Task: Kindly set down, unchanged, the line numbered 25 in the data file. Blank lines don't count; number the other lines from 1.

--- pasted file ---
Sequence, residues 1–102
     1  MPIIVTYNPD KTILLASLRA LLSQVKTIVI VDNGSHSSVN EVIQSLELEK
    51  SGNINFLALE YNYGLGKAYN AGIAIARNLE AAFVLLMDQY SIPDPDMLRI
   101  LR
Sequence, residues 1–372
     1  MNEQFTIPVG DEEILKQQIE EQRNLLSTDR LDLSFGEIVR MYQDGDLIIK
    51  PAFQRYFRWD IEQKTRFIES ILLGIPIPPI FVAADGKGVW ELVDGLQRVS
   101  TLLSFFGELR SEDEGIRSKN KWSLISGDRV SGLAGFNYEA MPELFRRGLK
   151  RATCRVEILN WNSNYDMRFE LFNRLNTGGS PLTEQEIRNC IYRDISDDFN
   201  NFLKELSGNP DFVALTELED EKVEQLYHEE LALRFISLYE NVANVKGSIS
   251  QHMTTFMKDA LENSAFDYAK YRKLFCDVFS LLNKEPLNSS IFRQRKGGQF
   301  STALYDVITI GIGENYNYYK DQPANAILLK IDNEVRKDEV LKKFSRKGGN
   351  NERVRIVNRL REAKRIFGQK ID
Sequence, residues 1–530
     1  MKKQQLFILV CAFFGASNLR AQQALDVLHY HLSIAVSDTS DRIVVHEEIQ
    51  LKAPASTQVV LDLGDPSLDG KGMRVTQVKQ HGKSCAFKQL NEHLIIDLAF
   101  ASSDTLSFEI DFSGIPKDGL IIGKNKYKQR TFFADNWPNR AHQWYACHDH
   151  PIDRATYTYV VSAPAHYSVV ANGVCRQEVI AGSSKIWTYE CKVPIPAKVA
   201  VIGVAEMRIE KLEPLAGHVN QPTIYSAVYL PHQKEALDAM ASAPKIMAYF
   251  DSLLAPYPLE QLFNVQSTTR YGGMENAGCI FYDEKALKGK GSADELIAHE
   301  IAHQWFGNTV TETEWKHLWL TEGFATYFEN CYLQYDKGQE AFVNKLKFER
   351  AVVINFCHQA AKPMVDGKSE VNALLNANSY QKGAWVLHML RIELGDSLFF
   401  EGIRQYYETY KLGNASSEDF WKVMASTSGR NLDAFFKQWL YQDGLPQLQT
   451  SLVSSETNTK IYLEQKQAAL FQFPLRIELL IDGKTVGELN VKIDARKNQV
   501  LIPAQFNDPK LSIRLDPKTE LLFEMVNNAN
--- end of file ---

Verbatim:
   501  LIPAQFNDPK LSIRLDPKTE LLFEMVNNAN